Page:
Jim McKay probably would have been a little embarrassed that an entire ballroom of people made such a fuss in his honor last night at the Hilton Baltimore.
Throughout his broadcasting career, he always strived to make the story about his subjects, not him.
But nearly 1,000 people turned out to honor McKay - who passed away in June at age 86 - and celebrate his unique and graceful career for the Babe Ruth Museum's "Champions' Tribute to Jim McKay."
Among them were some of Maryland's most famous Olympians: Michael Phelps, Dorothy Hamill, Sugar Ray Leonard, Ronaldo Nehemiah and Katie Hoff.
The evening's program featured video tributes to McKay's lengthy career as the host of ABC's Wide World of Sports, as well as his constant presence at the Masters, the Indianapolis 500 and the Triple Crown races.
But it was McKay's coverage of the Olympics that was most fondly remembered last night.
McKay, in many respects, shaped the way the media would cover the Olympics, bringing us the personalities beyond the ice and beyond the field of play.
"There is something so special about his voice and the words he chose," said Hamill, who won a gold medal in figure skating at the 1976 Olympics in Innsbruck. "He was so calm, no matter what the situation was. I think he made people interested in sports that weren't necessarily interested in sports. ... He was such a gentleman. He brought such class to sports. He was an absolute poet."
McKay, whose broadcasting career began in 1947 when he left his job at The Evening Sun to join WMAR-TV, was such a fixture in television, his influence spanned generations.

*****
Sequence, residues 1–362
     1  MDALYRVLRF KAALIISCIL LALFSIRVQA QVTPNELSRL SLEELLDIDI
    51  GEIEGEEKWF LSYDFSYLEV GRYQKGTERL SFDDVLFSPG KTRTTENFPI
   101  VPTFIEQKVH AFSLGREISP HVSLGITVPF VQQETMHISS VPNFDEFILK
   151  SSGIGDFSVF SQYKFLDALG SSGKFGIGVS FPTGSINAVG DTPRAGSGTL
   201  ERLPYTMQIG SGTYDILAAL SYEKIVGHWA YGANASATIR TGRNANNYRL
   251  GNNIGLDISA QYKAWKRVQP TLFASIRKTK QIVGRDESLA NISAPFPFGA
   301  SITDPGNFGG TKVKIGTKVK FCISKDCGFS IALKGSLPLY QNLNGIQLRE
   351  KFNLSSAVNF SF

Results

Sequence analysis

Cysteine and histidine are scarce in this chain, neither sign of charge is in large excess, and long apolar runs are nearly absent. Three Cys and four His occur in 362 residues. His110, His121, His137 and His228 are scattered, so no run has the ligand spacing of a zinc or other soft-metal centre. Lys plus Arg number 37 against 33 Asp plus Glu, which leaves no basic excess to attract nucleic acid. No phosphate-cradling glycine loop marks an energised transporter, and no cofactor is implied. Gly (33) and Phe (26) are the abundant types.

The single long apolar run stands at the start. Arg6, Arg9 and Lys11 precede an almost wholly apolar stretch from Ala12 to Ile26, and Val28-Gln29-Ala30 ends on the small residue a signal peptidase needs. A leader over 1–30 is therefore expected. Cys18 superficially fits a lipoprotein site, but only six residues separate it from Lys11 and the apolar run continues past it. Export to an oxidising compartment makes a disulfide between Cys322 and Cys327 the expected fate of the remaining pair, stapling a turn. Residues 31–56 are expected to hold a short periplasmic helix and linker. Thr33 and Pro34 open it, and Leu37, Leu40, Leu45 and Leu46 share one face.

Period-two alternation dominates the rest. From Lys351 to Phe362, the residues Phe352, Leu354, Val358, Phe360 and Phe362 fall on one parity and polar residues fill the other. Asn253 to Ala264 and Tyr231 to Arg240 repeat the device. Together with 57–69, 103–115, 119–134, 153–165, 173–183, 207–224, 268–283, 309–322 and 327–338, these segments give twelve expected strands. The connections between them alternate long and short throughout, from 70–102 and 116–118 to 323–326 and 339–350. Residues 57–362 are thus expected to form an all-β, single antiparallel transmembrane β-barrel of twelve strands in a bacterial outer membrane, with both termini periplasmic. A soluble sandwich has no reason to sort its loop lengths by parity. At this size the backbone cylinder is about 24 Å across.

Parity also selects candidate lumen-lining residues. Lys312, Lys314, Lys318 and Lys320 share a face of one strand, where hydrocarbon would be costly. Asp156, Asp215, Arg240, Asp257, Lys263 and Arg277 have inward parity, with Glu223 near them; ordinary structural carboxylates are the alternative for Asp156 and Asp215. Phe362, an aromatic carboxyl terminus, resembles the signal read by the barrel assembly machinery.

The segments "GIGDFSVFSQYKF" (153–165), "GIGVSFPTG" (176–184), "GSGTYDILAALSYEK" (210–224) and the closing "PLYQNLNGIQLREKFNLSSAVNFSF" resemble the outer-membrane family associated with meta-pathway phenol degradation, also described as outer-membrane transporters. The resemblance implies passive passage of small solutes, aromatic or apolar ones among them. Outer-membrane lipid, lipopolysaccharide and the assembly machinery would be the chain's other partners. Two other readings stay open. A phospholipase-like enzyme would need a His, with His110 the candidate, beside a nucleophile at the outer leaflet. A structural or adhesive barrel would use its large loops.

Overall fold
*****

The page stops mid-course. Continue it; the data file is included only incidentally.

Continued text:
"My whole life is essentially about the Olympics now, and he was really the person who introduced me to the Olympics," said Bob Bowman, who, as a coach at the North Baltimore Aquatic Club, guided Phelps as he became the most decorated Olympian of all time. "Also I'm a big fan of horse racing, so with the Maryland Million and everything he's done for that industry is just amazing."
Doug Wilson, a producer and director who worked with McKay at ABC Sports covering figure skating for two decades, said McKay always strived to teach viewers something new, whether it was about sports, history, art or politics.
"He wanted people to know when they got up off the couch they were better for having spent that time there," said Wilson, a 13-time Emmy winner. "He did it consistently, week after week, year after year, in the most remarkable way. ... His words were golden."
The evening also featured a live auction that raised $38,800 for the Babe Ruth Museum, as well as a silent auction. Phelps, who flew in from Chicago just hours before the event began, did his part to help the fundraising, placing a $5,000 winning bid on a diamond necklace for his mother, Debbie.
McKay's friends agreed we will not likely see another broadcaster like him in this lifetime.
"Someone said once that Jim probably wouldn't make it in television today. He had too much class," said Joe Kelly, a friend of McKay's for more than 60 years. "That says a lot, I think."